The white slavery plot and Carol Channing (sorry, but her voice really annoys me) aside, Thoroughly Modern Millie is a musical gem.  Julie Andrews and Mary Tyler Moore are fantastic, the songs are catchy, and the movie’s cheeky self-awareness presents a new look at the musical genre.  Go out and get “modern” with Millie and friends.

Ronnie Rating:


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Thoroughly Modern Millie

Kristen Lopez View All

A freelance film critic whose work fuels the Rotten Tomatoes meter. I've been published on The Hollywood Reporter, Remezcla, and The Daily Beast. I've been featured in the L.A. Times. I currently run two podcasts, Citizen Dame and Ticklish Business.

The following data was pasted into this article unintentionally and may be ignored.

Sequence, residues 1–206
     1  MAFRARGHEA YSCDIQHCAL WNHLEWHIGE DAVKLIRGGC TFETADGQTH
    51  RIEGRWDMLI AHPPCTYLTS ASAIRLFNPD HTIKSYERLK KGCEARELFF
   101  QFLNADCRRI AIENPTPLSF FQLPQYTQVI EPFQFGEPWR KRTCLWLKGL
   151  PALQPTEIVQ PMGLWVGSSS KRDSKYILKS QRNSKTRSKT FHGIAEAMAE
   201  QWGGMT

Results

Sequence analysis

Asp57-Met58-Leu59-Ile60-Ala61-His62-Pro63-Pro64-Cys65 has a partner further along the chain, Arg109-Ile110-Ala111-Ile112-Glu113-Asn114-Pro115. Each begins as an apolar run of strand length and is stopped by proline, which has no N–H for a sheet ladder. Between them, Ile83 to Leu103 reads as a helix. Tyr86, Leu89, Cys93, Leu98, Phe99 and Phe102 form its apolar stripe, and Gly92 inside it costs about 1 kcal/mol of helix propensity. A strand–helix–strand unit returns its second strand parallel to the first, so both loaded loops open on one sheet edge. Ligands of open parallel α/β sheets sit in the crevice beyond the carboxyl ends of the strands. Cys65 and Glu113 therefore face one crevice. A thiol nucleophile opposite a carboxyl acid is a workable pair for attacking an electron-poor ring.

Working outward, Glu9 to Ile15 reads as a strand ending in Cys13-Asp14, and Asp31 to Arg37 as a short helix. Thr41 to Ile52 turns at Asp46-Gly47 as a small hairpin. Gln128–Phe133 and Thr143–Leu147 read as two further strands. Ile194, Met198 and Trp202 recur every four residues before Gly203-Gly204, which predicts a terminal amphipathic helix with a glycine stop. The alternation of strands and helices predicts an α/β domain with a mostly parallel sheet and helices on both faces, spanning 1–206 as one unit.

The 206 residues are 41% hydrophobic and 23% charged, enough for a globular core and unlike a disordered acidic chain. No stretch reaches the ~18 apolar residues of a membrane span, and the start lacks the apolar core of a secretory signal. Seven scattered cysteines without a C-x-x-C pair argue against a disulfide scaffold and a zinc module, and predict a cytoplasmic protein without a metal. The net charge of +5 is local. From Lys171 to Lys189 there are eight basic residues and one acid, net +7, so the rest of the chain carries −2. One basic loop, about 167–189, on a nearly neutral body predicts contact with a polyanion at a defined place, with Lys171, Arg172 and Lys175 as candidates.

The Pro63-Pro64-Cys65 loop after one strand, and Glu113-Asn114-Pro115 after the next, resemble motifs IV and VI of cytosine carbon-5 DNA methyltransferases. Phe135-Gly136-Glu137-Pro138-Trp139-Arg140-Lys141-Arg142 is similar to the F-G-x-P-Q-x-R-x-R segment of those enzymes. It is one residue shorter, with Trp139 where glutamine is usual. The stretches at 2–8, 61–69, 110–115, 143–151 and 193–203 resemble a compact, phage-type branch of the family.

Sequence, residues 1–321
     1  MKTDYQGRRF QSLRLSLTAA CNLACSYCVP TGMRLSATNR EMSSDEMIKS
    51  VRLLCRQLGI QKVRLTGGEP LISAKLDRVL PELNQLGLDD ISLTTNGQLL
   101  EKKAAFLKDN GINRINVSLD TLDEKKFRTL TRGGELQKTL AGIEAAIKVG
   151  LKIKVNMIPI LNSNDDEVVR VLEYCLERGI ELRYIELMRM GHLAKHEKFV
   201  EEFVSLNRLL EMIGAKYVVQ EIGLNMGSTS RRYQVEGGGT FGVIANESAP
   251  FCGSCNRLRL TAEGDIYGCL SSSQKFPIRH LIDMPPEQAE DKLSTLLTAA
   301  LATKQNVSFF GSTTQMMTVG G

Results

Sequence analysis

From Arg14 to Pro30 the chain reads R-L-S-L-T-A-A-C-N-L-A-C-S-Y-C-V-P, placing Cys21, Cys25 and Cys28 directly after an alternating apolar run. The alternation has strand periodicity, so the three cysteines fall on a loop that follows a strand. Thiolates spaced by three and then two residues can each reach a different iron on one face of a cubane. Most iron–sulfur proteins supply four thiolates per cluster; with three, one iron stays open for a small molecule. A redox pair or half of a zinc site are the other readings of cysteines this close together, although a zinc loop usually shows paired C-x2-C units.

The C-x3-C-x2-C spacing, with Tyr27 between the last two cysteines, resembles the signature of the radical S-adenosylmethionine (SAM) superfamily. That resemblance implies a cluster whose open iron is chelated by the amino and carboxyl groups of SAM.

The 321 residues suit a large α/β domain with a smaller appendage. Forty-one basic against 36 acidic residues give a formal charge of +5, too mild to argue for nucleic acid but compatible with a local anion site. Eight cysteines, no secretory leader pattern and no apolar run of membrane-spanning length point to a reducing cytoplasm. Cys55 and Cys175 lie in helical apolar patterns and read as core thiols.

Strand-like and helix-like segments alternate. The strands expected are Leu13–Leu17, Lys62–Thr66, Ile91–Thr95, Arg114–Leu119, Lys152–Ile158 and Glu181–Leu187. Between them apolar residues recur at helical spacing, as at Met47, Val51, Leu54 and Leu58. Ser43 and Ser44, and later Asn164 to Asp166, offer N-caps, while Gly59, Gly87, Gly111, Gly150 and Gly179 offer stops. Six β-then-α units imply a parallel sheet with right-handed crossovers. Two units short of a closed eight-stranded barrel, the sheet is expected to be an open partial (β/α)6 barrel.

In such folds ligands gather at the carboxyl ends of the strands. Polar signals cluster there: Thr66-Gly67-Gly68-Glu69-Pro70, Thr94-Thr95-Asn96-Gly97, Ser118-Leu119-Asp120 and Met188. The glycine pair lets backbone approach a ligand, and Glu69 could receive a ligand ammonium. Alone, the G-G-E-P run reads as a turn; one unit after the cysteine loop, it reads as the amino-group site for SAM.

6 thoughts on “Thoroughly Modern Millie (1967) Leave a comment

  1. It’s OK, she IS Dame Julie – she was awarded the honour back in 2000.
    Cute film – I do enjoy it, but as you say it’s over-long and the white slavery sub-plot should’ve been cut.

  2. Actually, the film is based on a 1950s British play called “Chrysanthemum”; the TMM musical is, apparently, based on the film.

    As to the white slavery plot – it was apparently enough of a meme in the 20s (whether it was actually a problem or not) that it’s the basis for at least one of the early (1920s/30s) “Saint” stories by Leslie Charteris.

    {Yes, i know this is from three years ago, but i just stumbled on it.}